It revealed 40 per cent more cancers than current methods – which wait to test women when they see a doctor with concerns about symptoms – but it did not lead to a reduction in deaths because high levels of CA125 are produced only once the cancer is advanced.

By comparison, SOX2, the protein discovered by the Oxford team, is an accurate indicator of the disease, even in its earliest stages.

As SOX2 is found only on fallopian tubes, the test being developed will hopefully identify a yet-to-be-discovered chemical ‘by-product’ linked to the protein that can be seen in the blood or on the uterus lining.

Once it is identified, scientists can start testing a screening tool for it.

‘If this by-product is found in the blood, we will design a blood test; and if it’s on the uterus lining, we can create a smear test,’ says Dr Artibani.

She added that, given the accuracy of SOX2 at predicting cancer, the test would only have to be given to women over the age of 45 every five years, or every two years for those with a heightened risk.

But for this test to be rolled out within the next decade, charities say more funding is needed.

IT’S A FACT

One in five ovarian cancers has a genetic cause – and in most of these cases, a member of the immediate family will have had the disease.

‘Ovarian cancer research requires much more investment if we want to have any hope of developing an effective screening tool to catch the disease early,’ says Cary Wakefield, of Ovarian Cancer Action.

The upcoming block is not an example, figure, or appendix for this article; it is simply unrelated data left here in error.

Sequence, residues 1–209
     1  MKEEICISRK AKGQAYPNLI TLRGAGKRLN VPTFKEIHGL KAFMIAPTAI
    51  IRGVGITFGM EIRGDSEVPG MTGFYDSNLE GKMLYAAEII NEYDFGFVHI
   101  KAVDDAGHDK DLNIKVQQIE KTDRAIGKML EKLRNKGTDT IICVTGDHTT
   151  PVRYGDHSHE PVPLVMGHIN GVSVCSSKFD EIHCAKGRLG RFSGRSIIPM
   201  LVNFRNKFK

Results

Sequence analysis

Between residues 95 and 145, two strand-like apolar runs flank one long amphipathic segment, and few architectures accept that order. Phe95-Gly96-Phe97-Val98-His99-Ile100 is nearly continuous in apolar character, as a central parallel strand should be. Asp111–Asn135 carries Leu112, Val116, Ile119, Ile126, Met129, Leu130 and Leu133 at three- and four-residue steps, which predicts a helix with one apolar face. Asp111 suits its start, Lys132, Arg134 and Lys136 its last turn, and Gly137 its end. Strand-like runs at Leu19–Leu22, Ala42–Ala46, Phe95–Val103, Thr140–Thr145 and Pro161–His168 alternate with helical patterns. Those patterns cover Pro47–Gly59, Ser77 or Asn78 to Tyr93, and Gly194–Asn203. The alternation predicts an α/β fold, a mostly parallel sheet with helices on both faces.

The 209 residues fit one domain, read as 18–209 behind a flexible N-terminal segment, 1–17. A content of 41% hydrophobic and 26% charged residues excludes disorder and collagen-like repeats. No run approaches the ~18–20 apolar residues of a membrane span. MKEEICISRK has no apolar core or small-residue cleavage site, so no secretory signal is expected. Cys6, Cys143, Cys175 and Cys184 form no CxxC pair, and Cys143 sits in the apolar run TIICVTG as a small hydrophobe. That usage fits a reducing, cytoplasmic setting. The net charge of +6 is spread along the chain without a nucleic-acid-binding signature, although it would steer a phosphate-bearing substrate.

The group says ovarian cancer receives £9 million of research funding a year. By comparison, breast cancer receives £55 million.

One patient who would have benefited from screening is Marion Bradford, 57, from Surrey, who was diagnosed with ovarian cancer in November 2017.

The former teaching assistant began feeling bloated and fatigued in 2016 and had severe stomach pains a few months before her diagnosis.

Her concerns were initially dismissed by doctors because she didn’t fit the typical description of an ovarian cancer patient.

She says: ‘I was told that I was too young, and I didn’t have anyone in my family who’d had it, so the doctors said it was really unlikely to be cancer.’

But when the pains intensified, Marion pushed for another appointment and was eventually able to get an ultrasound scan, and then a few weeks later a biopsy.

‘When I showed up to get my results, a Macmillan nurse was waiting with the doctor. I was told the cancer had spread, and that I’d need to start chemo straight away.’

The mother-of-three underwent two rounds of chemo, after the disease returned in 2020, and she still takes medication now.